Divisive Paleo Diet Impractical for Many

Isabel Hulkhower, Columnist

If you’ve spent any time down the rabbit hole of outlandish food trends, you’ve undoubtedly come across the paleo diet. Paleo is an extremely rigid lifestyle plan in which dieters only eat foods cave people would have been able to hunt or gather, such as meat, fish, eggs, vegetables, fruits, nuts and seeds. The diet forbids the consumption of anything else, including things like grains of any sort, legumes, dairy, refined sugar, soy, most cooking oils and processed food.

The diet gets its name from the Paleolithic era, which started about 2.6 million years ago, and ended with the advent of agriculture around 8,000 BCE. This style of eating then went the way of the dinosaurs until 1975, when gastroenterologist Walter L. Voegtlin published his book The Stone Age Diet, which coined the term “paleo diet.” From there, the diet slowly lost popularity before coming back into the mainstream in 2002 after Loren Cordain published his book The Paleo Diet, introducing the world to the extreme joy of a lifestyle that excludes bread.

The main justification for the paleo diet is that our bodies are not prepared for modernly engineered foods. After all, food technology has astronomically progressed in the last 10,000 years, whereas our digestive systems have hardly evolved. Food has steadily become more processed and filled with things like fat, salt and sugar that we are hardwired to crave because of their previous scarcity. These elements make our food undeniably tasty, but paleo proponents argue that we are actually only able to process a small amount of the food that is currently available, and these recent additions are to blame for our collective obesity, fatigue and other assorted health woes.

Fad diets are based on some sort of science (or pseudoscience) about the inner workings of the body and look to aid in some quick weight-loss solution. The paleo diet is compelling because instead of referencing the same old research about fat absorption or carb burning, it’s based in evolutionary biology, lending it an air of legitimacy that new breakthroughs don’t necessarily possess. It seemingly makes sense because it is represented as a return to what our bodies are actually meant to process.

When referring to this lifestyle, people throw around terms like “caveman” and “primal,” which make it seem exciting — possibly to the point of danger. In reality, this diet mostly involves eating grass-fed meat at home and trying to avoid snack machines. The total saturation of this diet craze in a world already overrun with food blogs has given birth to some truly notable recipe blogs with names like “Cave Girl Eats,” “Paleoista,” “PaleOMG,” “Ancestralize Me,” “Cave Momma,” “Modern Paleo Warfare” and “Hunt Gather Love.” These are just a few of the countless websites dedicated to living paleo that make up a supportive and vast online community dedicated to swapping tips and recipes for “living primally.”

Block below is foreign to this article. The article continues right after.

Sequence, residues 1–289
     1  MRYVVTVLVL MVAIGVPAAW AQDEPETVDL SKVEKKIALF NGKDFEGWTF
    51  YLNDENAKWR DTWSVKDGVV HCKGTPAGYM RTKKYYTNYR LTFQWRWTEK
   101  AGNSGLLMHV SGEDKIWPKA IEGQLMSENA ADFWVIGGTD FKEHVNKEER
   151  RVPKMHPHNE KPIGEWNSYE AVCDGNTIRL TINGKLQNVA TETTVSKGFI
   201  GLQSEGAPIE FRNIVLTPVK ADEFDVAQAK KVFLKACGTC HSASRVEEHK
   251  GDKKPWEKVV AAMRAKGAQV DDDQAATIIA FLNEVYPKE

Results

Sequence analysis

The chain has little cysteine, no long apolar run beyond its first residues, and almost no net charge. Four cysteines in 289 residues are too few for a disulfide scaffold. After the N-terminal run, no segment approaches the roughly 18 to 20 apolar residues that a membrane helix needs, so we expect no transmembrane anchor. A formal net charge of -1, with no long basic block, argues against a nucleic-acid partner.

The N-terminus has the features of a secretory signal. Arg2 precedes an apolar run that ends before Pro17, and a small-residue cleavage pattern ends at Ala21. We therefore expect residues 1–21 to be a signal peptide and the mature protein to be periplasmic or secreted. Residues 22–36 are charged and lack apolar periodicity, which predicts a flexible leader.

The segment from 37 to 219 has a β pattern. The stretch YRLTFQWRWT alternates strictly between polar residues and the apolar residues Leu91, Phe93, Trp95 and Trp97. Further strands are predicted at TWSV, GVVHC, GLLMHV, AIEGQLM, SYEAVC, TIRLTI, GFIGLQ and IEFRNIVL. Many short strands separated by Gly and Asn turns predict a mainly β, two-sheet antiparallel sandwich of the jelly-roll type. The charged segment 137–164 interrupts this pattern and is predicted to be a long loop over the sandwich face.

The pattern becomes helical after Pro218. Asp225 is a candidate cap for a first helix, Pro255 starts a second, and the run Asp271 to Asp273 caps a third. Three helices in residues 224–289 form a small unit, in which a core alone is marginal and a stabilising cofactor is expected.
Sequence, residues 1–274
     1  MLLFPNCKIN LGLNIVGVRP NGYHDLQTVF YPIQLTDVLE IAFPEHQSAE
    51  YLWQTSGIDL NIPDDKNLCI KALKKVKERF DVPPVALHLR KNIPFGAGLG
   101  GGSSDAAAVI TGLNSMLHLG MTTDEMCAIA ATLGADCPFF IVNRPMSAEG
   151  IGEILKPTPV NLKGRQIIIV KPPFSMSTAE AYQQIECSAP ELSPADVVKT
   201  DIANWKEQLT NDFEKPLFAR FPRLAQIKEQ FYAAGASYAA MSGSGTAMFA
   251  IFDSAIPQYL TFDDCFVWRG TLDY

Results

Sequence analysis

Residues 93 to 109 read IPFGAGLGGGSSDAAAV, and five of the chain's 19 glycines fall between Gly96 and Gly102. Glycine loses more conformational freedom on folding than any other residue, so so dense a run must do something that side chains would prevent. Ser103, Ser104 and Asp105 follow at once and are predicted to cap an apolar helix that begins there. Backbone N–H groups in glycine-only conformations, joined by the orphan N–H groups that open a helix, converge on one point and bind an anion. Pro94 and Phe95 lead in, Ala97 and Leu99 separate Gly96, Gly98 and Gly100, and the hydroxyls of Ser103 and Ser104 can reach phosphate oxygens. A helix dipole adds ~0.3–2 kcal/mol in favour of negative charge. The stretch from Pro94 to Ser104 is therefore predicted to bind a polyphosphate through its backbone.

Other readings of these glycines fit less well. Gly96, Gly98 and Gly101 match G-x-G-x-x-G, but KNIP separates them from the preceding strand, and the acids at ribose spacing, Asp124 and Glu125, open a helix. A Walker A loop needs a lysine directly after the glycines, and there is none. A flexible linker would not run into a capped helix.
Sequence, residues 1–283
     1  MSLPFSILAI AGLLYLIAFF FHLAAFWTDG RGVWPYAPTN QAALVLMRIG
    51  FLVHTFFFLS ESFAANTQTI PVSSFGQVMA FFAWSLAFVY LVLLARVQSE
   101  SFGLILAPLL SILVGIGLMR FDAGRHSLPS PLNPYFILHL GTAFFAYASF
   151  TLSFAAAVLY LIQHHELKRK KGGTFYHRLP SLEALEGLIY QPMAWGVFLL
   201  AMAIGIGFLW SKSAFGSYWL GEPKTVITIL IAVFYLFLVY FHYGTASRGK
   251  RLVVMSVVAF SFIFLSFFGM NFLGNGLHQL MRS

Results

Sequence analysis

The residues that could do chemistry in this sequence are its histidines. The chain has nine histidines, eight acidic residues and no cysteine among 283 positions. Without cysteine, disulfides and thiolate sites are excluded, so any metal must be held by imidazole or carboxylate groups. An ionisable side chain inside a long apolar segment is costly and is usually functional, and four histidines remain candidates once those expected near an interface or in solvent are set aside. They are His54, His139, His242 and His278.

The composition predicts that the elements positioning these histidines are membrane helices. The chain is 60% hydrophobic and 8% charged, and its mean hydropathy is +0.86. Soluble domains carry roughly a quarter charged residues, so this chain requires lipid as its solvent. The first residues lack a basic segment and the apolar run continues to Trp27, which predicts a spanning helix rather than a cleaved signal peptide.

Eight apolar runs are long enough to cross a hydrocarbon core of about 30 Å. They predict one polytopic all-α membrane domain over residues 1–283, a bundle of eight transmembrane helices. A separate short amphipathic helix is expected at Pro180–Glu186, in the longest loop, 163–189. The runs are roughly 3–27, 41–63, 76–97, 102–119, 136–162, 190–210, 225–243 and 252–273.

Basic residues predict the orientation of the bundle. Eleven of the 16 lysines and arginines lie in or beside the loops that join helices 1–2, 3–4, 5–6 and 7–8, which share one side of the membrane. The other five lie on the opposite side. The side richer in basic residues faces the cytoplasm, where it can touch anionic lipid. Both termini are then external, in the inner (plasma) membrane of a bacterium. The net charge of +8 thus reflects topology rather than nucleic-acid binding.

A huge subgroup within this paleo community is CrossFitters. CrossFit is a fitness craze that gets you into great shape by doing diverse, high-intensity workouts in big warehouse gyms. Though you might not know it, many CrossFitters also have dual identities as cavemen. CrossFit’s hyperintense outlook on fitness extends to the kitchen, and paleo’s extreme rigidity and meat-centrism fit right into that lifestyle. For many, paleo and CrossFit go hand in hand, working together to sculpt and fuel the body.

In researching this unusual lifestyle I came across a lot of anti-paleo dialogue, with most people criticizing the diet as improperly researched and hard to stick to. However, my issues with the diet go beyond just this.

The first issue is reliance on animal protein. This diet absolutely requires it, and not just occasional meat in moderation. Instead, it mandates a constant flow of meat and eggs mainlined into your primal bod. This raises the issues of animal cruelty and environmental sustainability. The fact that eating meat is awful for the planet is not exactly breaking news, but the paleo diet additionally mandates a great deal of fresh fruits and vegetables. While that is A-OK during the summer, it is very difficult to adhere to proper seasonal eating while subscribing to a paleo plan.

Another serious downside to the paleo lifestyle is that it forbids alcohol, which means a total disruption of social habits for people who drink. The only paleo narratives I’ve come across that claim the diet is easy to stick to are written by Mormon moms, for whom alcohol consumption isn’t exactly an issue. But perhaps the most relevant issue with the paleo diet is that it is comically expensive and only truly accessible to those with a lot of disposable income. Few paleo adherents acknowledge that the diet’s seemingly miraculous health benefits are only available to a tiny portion of high-status eaters, implying that many modern “cave people” are unaware that their lifestyle is exclusive and class-bound.

It’s really not groundbreaking information that the best thing you can do for your body is eat a diet of minimally processed food that’s heavy in fruits and veggies, but paleo really takes this to the next level. The caveman angle makes the whole thing even less appealing to me, but as far as fad diets go, you could definitely do way worse than going primal.